Let us know whether the law of nature promises pardon for sin, whether for all sins or only for some, and if only some, what those sins are, and whether absolutely or on certain condition, and if the latter, what those conditions are. These are points well worth inquiring after.
Besides, God’s assistance is necessary to true repentance. Before a sinner can begin to be the object of God’s favor, he must cease to be what he was before and commence a new man. None but the Creator can make a new man or a new creature. There is a degree of strength necessary to a true repentance such as no man is master of. Deism Revealed, vol. i, pp. 239-244.
Mere repentance can make no satisfaction to justice for injuries and offenses past. It can only put a man in the way of his duty for time to come, which he owes to God and which therefore can clear no scores with him. As to the reformation of a transgressor, together with his disposition to lead a new life for the time to come, it may be rendered very precarious by the supposed easiness of obtaining pardon. Man is frail, and in hopes of being pardoned again, he may again transgress unless his reason tells him he cannot be forgiven a second or third offense.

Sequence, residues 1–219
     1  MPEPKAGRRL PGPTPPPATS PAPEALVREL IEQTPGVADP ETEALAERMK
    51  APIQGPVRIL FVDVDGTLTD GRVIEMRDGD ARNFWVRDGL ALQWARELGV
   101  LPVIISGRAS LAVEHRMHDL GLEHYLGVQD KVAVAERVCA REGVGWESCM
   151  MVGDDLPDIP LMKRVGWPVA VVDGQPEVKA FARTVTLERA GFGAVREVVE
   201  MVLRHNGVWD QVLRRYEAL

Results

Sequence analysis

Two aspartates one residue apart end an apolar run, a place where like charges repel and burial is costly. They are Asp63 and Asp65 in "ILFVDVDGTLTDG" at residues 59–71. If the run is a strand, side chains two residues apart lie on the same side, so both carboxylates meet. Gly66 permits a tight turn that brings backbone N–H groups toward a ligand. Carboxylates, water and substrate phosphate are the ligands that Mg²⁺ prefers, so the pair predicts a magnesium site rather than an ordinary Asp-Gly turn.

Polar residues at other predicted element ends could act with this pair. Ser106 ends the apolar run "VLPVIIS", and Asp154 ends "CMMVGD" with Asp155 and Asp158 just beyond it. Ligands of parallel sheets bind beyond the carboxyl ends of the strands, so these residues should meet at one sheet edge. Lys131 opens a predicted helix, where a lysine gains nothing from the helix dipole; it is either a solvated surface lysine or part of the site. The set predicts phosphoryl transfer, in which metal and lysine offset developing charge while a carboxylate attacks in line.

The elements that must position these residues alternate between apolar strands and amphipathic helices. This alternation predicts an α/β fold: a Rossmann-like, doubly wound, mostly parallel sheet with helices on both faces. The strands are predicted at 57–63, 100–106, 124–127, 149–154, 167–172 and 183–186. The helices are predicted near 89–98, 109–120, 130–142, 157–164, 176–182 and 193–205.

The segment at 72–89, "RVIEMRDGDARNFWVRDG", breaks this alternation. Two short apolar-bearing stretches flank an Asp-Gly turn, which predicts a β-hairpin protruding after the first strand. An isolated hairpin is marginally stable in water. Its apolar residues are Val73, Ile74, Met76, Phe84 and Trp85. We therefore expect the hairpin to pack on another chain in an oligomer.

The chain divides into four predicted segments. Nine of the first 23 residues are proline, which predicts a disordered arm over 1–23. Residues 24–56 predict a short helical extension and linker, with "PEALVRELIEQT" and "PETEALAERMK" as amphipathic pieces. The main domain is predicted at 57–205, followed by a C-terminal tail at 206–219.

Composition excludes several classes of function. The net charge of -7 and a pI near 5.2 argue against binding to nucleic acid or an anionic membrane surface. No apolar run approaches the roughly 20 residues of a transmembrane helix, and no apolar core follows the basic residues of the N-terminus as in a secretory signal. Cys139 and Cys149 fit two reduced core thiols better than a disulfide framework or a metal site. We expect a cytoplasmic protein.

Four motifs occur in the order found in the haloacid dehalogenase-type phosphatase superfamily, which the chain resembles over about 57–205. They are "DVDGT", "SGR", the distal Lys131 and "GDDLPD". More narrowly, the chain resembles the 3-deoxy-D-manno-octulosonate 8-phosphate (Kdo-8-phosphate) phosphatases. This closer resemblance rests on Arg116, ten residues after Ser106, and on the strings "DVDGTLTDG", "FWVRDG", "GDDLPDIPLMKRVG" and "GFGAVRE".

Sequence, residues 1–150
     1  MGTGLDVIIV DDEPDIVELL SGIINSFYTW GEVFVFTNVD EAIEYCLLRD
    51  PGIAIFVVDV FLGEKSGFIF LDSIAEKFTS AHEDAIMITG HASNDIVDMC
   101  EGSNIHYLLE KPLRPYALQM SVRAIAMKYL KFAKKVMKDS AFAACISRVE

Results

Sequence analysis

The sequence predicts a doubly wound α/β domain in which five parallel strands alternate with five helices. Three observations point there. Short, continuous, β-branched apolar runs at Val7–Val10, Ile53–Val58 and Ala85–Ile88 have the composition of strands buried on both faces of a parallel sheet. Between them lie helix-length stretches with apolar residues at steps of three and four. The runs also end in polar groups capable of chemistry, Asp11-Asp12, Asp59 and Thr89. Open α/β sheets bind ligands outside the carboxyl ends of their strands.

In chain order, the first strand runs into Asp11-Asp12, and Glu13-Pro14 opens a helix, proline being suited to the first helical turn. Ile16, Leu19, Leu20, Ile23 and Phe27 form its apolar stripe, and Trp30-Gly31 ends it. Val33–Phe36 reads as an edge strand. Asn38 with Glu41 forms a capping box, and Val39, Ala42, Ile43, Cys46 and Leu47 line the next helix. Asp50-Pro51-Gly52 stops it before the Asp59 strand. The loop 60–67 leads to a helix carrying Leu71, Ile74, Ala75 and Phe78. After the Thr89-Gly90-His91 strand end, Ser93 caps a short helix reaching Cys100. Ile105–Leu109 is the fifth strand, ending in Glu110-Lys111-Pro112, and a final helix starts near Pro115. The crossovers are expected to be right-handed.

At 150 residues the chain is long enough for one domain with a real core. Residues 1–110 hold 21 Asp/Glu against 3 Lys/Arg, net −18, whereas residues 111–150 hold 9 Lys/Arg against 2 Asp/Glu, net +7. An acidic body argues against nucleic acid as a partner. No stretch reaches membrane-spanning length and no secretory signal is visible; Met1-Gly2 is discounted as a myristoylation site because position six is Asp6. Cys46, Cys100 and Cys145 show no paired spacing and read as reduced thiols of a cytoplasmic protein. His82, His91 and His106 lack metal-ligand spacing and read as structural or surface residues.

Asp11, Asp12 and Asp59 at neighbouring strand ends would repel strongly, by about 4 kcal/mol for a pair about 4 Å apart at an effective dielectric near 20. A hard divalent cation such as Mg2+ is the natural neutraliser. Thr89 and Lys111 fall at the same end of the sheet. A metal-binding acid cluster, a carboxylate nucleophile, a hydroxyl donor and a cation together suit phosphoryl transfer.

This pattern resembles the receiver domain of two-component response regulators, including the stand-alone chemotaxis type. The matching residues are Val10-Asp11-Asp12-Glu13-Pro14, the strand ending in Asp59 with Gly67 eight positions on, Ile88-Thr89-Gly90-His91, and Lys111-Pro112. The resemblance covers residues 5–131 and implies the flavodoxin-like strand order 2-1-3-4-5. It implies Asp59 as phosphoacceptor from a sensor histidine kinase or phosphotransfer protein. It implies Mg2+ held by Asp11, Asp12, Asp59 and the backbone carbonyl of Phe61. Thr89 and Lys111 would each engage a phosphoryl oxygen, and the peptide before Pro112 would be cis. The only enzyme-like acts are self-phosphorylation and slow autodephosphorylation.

Although he who murders a man repents and for the time to come carefully avoids the least approach to such action again, yet in his latter behavior, he only does what it was always his duty to do and no more, but makes no atonement to his poor neighbor, whom he has deprived of life, nor to the community from which he has cut away a member, nor to God whose creature and image he has defaced. The deists can never show, on their principles, that the murderer or any other criminal can make the least atonement or reparation for either the offenses he commits against God or the wrongs he does to man in cases where restitution is out of the question. They say the observation of the natural law alone can render men acceptable in the sight of God and propose it as the only rule by which they are to act and consequently be judged. It is by this that according to the deistical hypothesis, all men must stand issue before Almighty God and be acquitted for the observation, or condemned for the transgression, of it. Now I appeal to experience and to the heart and conscience of every man, whether he does not live in the daily transgression, be it higher or lower instances, of those laws which he believes God requires the observation of at his hands, and whether after the most sincere repentance and the most thorough reformation he can make of his life and conduct, he finds not enough of evil dispositions and lapses to lament in himself and put him in mind that he is one of those debtors, who having nothing to pay in towards former accounts, is still adding to and increasing debt. Thus I think it appears pretty plainly that if all men have sufficient means of knowing their duty, as the deist insist they have, and if every man transgresses the rules of his duty as his conscience cannot but inform him he does, [then] the whole race of mankind is lost forever….